And that mission is about women who have very few, if any, other options or alternatives, or a livelihood outside of this job. Because that is the mission, I will not stop. I will not stop working. I will not stop putting one foot in front of the other. I will not stop advocating. I will not stop proclaiming the message of our wellness products and why they’re good for you, why they’re good for our employees. And why they’re good for the planet. Why we’re good for the world. I won’t stop. And I’m not a salesperson. I’m a professor, okay. I like to teach, I don’t do sales, but because the sale for me is not about me. We have an amazing product and we want people to become loyal to Savara because we have amazing products, but we also exist because women need jobs and they need advocacy and they need people to support them.

I believe so deeply in their value as human beings and what they can contribute to the world. I believe that we’re providing jobs to the most resilient human beings on the planet. These are people who have experienced levels of trauma and exploitation that the vast majority of us cannot fathom. They are the most resilient, talented people on the planet. And if you can give them an opportunity to thrive and grow, the potential is endless. So that’s what motivates me. You can tell when I talk about the mission and the purpose of the company, that’s what really gets me excited. That is what motivates me to never give up and to never stop. And has it been hard? Oh my gosh. I can share story after story, after story of why this is so hard.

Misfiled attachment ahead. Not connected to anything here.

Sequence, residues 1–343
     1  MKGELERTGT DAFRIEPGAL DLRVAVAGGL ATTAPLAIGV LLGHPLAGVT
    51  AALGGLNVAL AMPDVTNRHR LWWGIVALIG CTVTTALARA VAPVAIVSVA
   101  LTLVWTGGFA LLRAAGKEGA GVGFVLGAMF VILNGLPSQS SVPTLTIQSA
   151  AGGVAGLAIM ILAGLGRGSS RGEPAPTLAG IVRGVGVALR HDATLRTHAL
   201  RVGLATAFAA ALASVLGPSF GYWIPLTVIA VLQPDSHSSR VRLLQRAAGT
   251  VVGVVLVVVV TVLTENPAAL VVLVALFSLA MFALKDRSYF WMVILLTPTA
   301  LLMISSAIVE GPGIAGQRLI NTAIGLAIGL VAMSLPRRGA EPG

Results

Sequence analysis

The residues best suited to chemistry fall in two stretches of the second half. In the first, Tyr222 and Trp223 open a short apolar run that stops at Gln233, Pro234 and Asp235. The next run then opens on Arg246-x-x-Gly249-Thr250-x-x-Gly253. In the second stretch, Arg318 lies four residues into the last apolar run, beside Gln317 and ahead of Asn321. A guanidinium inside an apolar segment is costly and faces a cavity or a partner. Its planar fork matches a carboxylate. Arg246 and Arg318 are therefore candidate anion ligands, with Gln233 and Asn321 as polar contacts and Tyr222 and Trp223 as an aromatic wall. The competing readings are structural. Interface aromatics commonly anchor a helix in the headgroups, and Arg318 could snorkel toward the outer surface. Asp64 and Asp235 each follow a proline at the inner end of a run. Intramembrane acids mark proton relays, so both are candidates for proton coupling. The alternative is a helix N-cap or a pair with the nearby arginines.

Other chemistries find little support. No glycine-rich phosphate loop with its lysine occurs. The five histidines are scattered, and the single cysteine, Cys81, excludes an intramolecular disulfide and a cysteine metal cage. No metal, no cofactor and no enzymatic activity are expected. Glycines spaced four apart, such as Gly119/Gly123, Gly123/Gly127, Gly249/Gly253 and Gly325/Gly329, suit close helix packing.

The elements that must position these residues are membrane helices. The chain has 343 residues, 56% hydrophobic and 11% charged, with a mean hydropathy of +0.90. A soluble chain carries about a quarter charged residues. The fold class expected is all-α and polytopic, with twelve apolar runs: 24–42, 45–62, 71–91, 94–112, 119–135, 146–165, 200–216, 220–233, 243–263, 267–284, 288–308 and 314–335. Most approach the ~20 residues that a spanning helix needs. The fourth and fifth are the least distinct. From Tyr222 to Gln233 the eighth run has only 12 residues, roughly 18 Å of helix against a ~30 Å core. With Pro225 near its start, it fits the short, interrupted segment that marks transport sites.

Any startup is so hard. But I think every individual has to identify for themselves what drives them. And if there’s not an element of what drives them in their business, then the business probably is not going to last. But if there’s an element of what drives you in your business, if your mission is about people and you believe that your product can genuinely help people, then I feel like that’s what allows us to keep going and to keep moving forward. And some people, it is money. They are motivated by making a lot of money. And that’s fine. And those people, hopefully, can eventually find a business model that does get them that money, but you have to know yourself first.


So it sounds like one of the first things any aspiring business owner is to know, is yourself. Knowing your value system. Because that is going to be the thing to keep lighting the fire under you.